Tournament of Books 2020: Fleishman is in Trouble

Taffy Brodesser-Akner’s “Fleishman is in Trouble” is a readable book. The pages fly by as you absorb them, looking for something, anything, more than superficial, entitled, dull misery. I kept waiting for the promises humour to appear. I kept waiting for the novel to get to even the basic insights in David Foster Wallace’s “This is Water” as it dug into the daily grind of its rich, white, healthy, able-bodied, cis-gendered, supremely selfish and childish characters. I kept saying, “so what, who cares?” and the novel didn’t answer. What things it had to say about women’s place had been said much more poignantly by authors with a better story to tell.
There is some attempt at narrative sophistication, but that doesn’t land. Akner chooses to use the second person for parts of the narrative, but she doesn’t commit, doesn’t fully create a witness account. Then there’s an attempt to mirror a fictional narrative within the narrative, a magazine article like telling of a divorce falling apart. Again, Akner pulls her punches, the comparison of “divorce story as written by a man vs. divorce story as written by a woman” doesn’t land. At some point I started hoping that she would pull off a trite move like revealing that she’s gender switched the narrative all along, just so I could have something to look forward to. Toby talks about rich people not knowing how to deal with tragedies or hardship in a novel devoid of any tragedies or hardship, as a character, in a cast, that has never truly dealt with the terrors of the world. The only character that has the potential for some depth, Rachel, is rendered as a selfish, driven, social climber with no empathy to anyone but herself.
The novel, like its characters, is pleasantly whiling the time as the world around it burns and it eats beef lo mein.
I read this book as part of the2020 Tournament of Books, where it’s up against Jami Attenberg’s “All This Could Be Yours” in the first round. Both novels are about rich, white people going through a crisis of sorts, but Attenberg’s novel has a depth to it, the darkness of Victor vs. the light of its post-Katrina New Orlean’s residents, that makes it worth spending some time with.
If you’re looking for a “Sex in the City Post Divorce” type of book, “Fleishman is in Trouble” may be what you’re looking for. Otherwise, I’d avoid it.

Tournament of Books 2020: Fleishman is in Trouble

Dare to Dream: Eurovision 2019 Tel Aviv Euro Village

A quick sketch on location of the Eurovision 2019 Tel Aviv Euro Village as it was filling up.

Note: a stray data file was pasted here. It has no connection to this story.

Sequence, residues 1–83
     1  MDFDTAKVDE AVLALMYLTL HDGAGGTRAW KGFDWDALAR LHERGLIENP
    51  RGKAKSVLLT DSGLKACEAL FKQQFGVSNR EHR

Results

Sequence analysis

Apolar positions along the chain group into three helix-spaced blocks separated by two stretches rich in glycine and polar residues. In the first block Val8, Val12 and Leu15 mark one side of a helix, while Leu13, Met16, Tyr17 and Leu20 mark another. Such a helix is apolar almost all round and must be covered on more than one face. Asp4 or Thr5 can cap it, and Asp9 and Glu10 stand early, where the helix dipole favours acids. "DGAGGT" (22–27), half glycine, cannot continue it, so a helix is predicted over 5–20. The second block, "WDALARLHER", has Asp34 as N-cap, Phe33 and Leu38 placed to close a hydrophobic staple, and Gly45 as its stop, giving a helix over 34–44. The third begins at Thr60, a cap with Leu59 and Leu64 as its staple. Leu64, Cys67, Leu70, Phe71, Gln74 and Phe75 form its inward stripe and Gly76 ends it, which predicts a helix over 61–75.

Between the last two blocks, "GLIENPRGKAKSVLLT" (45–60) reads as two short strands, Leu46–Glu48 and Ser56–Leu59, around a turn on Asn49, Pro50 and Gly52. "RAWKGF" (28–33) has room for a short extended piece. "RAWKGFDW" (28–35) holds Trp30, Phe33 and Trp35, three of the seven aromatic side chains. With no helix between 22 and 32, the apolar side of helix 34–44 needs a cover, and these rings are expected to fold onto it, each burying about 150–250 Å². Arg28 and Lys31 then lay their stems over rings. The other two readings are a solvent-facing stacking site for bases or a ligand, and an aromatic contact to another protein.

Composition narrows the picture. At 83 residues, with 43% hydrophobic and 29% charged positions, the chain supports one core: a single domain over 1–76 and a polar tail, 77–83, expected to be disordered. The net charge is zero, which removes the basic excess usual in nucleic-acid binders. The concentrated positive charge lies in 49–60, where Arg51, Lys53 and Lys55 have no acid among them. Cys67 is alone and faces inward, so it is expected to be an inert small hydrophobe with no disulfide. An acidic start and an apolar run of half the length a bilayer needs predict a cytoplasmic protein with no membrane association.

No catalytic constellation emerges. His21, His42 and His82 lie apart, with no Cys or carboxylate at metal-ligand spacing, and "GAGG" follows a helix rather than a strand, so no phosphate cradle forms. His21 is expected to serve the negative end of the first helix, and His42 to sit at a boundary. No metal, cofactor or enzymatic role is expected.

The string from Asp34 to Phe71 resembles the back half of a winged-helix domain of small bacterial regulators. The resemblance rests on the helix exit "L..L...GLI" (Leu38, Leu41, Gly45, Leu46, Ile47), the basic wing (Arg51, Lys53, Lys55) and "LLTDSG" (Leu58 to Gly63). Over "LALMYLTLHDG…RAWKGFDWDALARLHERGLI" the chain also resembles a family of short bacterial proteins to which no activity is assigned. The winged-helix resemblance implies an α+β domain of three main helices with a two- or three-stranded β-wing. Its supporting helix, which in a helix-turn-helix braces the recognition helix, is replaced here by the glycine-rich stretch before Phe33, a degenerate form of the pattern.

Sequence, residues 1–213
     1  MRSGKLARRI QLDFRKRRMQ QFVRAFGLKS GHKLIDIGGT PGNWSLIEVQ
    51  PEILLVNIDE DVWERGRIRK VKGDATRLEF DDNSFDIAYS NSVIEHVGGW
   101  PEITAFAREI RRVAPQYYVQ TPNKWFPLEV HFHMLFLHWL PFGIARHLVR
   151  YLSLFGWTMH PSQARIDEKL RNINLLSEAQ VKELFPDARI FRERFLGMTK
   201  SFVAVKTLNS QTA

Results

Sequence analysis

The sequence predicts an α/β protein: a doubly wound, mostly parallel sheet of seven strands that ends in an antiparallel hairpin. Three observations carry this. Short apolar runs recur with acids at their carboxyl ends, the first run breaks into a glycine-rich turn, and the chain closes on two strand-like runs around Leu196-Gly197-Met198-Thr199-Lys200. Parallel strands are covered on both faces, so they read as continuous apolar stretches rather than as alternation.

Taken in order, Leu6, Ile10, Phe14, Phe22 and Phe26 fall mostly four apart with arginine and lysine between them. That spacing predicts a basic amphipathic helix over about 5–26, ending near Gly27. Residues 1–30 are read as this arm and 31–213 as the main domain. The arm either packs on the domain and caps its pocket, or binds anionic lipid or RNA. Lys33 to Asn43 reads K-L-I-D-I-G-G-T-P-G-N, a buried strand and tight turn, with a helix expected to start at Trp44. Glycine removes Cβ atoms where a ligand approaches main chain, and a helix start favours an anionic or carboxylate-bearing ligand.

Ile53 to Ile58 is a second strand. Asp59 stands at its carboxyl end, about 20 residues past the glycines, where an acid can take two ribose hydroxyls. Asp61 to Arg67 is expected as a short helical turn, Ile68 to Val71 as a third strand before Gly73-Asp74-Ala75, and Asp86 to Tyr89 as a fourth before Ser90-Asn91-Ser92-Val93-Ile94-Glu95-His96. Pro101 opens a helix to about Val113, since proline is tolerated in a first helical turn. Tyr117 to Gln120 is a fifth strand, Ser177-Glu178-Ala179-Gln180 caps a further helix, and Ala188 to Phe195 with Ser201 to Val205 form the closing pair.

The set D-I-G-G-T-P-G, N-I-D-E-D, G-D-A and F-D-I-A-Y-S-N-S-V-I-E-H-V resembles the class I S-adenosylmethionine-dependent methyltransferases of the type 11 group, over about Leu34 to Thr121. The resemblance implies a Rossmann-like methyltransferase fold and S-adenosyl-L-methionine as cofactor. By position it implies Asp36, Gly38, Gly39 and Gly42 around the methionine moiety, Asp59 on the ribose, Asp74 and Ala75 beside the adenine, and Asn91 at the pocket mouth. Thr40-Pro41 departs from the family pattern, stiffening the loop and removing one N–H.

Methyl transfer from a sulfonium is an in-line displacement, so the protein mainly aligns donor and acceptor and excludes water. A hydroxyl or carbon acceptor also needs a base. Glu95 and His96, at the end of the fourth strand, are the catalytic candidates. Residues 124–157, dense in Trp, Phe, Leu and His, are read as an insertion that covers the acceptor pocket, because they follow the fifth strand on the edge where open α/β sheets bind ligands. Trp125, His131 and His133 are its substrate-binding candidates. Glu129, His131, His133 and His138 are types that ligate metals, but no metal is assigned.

Leuchtturm1917 Sketchbook, Super5 0.7 fountain pen and Rohrer and Klingner Lotte ink.

Dare to Dream: Eurovision 2019 Tel Aviv Euro Village

Tournament of Books 2019: The Challenge

Each year for the past 15 years The Morning News has run the Tournament of Books — a March Madness like competition for books published during the previous year. It’s fun and light-hearted and super interesting because unlike other literary prizes, you get to see the judges’ thought process as they decided which book progresses and which doesn’t.

I first learned about it a few years ago through Field Notes, who sponsors the competition and issues a special, limited edition notebook to accompany it. At first I just bought the notebook, because I was a budding Field Nut and that’s what Field Nuts did. A year later I read and enjoyed some of the books that were in the competition, and I started to really look forward to reading the judges’ debates on each round.

Which brings us to this year, which is the year that I’ve decided to finally challenge myself to read every book on the Tournament of Books 2019 shortlist. That’s 18 books total, and as the tournament starts in March, there’s very little chance that I’ll be able to finish reading all of the books in time for their round. That just means that I’ll be following along a little later than usual, but I don’t think that it matters much.

What’s challenging isn’t just the sheer volume of books, but also their topics. There are no “light read” books on this list. There are books about death, prison, war, bigotry, racism and all the other “wonderful” sides of humanity. It would be a tough challenge on a regular year, but as I’m struggling with death and sickness in my family, this will be extra tough.

So why am I doing this? To challenge myself. To make myself a better, more empathetic human being, and hopefully a better writer. And because I can.

Tournament of Books 2019: The Challenge

Quick Update

Here’s what’s going on in a nutshell:

  • Back to writing while I figure out what to do with my first novel (beta readers, synopsis, etc).
  • I’ve deleted Tweetbot from my phone again. I’ve really cut down on my social media lately, and it’s time to once again take a step back from Twitter for a while. It just makes me so angry and frustrated lately, to no good end.
  • Listening to Serial season 3 (talk about angry and frustrated), MBMBaM, Do By Friday, Roderick on the Line, Felicitations and the Pen Addict. I’ve really cut down on my technology podcasts for the past few weeks, because there’s only so many times you can hear a bunch of dudes talk about their iPhones or watches.
  • I’ve managed to return to journaling, and my running is back on track. I’m still spending a lot of time in the hospital, on the phone with the hospital or researching health things on the internet for my mom, but I’ve managed to eek some sort of balance into the craziness of it all. Keeping my head above the water at this point, which isn’t bad.
  • Drawing and reading like crazy, instead of watching TV or playing video games, which is a net positive for me.

 

Quick Update